Reverse Sear Ribeye Steak On the Grill


If there is one thing I love to grill more than anything else, it’s a thick bone in ribeye cooked medium rare. 

For me, there is nothing better.  Now while this type of steak may seem straightforward to grill, its size can be tricky if you want a well charred crust and an even, warm pink center.  It is for this exact reason I use a "reverse sear" for my ribeye steak on the grill.  For my steaks, I take nothing to chance.

Most steaks up to an inch thick can be cooked over direct high heat.  However, thicker steaks need a little finessing.  With an even “wall to wall” pink center being the goal, thick steaks cooked over direct heat will hit their target temperature closer to the crust much sooner than the middle of the meat. 

A uniformly cooked center is about impossible.  To avoid this, and still reach our goal, use a two zone fire with all of the coals pushed to one side of the kettle and nothing on the other. 

Over the side of the grill without charcoal, cook the steak to about 10 degrees of its target temperature.  For instance, for medium rare at 130 Fahrenheit, move the steak at 120 Fahrenheit.  By slowly bringing the meat to temperature, it ensures uniformity.  In this case, an instant read thermometer or iGrill is a must to check the temperature.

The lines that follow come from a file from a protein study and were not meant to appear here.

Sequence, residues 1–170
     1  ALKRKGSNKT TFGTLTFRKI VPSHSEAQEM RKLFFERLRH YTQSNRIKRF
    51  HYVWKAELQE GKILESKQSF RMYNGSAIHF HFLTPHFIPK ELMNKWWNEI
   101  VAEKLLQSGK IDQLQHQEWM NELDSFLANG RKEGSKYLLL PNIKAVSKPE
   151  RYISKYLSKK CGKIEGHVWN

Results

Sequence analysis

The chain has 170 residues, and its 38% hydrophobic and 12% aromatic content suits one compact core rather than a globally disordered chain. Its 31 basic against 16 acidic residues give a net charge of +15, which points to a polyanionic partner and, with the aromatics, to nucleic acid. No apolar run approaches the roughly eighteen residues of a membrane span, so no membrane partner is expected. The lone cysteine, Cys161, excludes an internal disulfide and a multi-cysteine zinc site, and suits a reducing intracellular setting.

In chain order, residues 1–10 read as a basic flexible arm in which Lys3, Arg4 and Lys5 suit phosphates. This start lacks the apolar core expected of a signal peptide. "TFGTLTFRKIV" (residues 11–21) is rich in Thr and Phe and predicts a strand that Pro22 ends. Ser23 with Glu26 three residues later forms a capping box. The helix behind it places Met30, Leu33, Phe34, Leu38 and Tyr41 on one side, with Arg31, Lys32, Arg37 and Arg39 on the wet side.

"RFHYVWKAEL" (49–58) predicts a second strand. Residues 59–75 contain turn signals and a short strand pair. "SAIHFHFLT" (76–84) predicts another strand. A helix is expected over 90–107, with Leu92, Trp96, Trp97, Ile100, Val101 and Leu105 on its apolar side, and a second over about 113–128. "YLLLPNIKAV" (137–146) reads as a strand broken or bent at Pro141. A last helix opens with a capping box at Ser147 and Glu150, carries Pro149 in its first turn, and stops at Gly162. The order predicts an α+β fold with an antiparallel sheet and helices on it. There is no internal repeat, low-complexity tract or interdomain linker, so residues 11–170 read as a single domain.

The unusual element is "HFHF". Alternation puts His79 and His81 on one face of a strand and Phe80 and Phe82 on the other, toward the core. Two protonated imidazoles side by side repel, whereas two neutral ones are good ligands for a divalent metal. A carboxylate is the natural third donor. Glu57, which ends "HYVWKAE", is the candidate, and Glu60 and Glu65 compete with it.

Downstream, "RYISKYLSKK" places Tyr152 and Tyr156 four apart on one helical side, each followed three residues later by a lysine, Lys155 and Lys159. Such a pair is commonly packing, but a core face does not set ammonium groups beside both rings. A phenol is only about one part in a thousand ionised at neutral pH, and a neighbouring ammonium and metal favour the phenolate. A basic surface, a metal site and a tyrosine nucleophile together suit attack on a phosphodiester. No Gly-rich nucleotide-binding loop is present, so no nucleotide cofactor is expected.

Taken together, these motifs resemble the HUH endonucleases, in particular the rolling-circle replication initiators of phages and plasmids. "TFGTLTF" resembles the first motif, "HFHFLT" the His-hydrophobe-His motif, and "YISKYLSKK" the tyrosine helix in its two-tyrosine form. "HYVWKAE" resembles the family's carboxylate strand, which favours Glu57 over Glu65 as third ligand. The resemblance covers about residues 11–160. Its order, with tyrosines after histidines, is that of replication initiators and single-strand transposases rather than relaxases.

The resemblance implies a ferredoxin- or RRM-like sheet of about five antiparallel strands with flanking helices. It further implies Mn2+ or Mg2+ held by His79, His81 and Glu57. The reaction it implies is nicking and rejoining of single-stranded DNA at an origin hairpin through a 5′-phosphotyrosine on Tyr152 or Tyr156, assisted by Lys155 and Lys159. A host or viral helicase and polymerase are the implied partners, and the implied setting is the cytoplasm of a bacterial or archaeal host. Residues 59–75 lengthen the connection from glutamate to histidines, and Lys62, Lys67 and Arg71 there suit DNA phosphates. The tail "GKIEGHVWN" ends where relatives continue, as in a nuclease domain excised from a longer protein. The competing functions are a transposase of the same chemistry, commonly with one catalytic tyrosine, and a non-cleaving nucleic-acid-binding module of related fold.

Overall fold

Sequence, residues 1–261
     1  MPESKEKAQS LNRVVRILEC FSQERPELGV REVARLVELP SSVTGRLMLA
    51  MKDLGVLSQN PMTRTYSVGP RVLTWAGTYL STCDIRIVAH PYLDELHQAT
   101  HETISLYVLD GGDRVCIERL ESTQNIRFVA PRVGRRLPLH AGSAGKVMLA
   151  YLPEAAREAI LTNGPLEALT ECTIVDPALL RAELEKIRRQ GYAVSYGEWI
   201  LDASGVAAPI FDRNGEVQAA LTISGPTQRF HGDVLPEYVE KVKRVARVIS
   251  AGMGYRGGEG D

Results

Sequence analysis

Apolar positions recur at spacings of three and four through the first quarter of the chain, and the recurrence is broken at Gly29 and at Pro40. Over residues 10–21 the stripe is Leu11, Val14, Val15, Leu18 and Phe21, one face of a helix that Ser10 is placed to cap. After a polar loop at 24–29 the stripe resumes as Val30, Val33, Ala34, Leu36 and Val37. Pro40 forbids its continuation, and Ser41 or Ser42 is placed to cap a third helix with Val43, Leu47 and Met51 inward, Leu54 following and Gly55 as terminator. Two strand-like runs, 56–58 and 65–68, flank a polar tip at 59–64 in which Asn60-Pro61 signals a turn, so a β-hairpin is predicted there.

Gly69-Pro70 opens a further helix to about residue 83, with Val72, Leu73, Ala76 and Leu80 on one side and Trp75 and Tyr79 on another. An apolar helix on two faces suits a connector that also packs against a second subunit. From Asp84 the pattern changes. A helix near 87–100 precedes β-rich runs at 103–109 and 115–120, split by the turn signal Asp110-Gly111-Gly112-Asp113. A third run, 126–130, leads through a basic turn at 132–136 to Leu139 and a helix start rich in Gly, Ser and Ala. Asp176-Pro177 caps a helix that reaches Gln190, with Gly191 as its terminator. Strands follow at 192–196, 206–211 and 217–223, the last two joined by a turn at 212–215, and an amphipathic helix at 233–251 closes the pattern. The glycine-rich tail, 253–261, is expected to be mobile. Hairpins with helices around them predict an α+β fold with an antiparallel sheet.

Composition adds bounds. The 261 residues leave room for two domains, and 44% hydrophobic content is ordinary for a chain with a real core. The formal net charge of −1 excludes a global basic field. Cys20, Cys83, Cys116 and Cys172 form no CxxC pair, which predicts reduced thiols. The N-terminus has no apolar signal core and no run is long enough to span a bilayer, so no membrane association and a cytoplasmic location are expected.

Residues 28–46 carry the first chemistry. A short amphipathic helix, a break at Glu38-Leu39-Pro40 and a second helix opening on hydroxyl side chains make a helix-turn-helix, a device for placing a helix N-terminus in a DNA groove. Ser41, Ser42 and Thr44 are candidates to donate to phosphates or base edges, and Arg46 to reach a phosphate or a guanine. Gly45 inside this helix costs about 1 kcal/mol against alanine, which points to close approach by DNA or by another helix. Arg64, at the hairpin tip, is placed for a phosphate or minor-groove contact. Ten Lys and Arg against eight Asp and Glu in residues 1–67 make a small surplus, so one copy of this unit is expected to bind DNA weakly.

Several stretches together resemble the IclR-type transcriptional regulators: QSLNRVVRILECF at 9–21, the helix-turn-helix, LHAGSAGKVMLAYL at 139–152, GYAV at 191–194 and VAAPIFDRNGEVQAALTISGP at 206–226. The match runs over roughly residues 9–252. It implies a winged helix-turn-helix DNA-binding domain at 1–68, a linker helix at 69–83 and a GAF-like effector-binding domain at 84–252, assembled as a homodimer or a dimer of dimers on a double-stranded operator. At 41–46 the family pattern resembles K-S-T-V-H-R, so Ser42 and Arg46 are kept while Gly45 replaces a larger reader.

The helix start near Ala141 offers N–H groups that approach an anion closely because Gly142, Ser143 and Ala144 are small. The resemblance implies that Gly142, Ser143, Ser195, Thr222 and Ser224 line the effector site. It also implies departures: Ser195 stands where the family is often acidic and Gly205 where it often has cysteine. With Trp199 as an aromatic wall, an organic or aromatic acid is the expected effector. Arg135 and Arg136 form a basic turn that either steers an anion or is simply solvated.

Once the -10 degree temperature is obtained, the steak is seared directly over the hot coals to create that excellent charred crust.  When the final temperature is met, remove the steak from the grill and allowed to rest about 10 minutes. 

An added benefit to the reverse sear, is not only cooking a great medium rare steak, but also for my more finicky friends, a more medium to well done cut. 

Yes, while it might seem sacrilegious to grill steak to that degree, one of those “finicky friends” happens to be my wife, so, needless to say, I make it happen.  More importantly, she likes it.  A lot.

By slowing bringing the steak to temperature, and finishing with a hot sear, the result is a wonderful, evenly cooked steak with a crust to die for.  It’s the best of both worlds.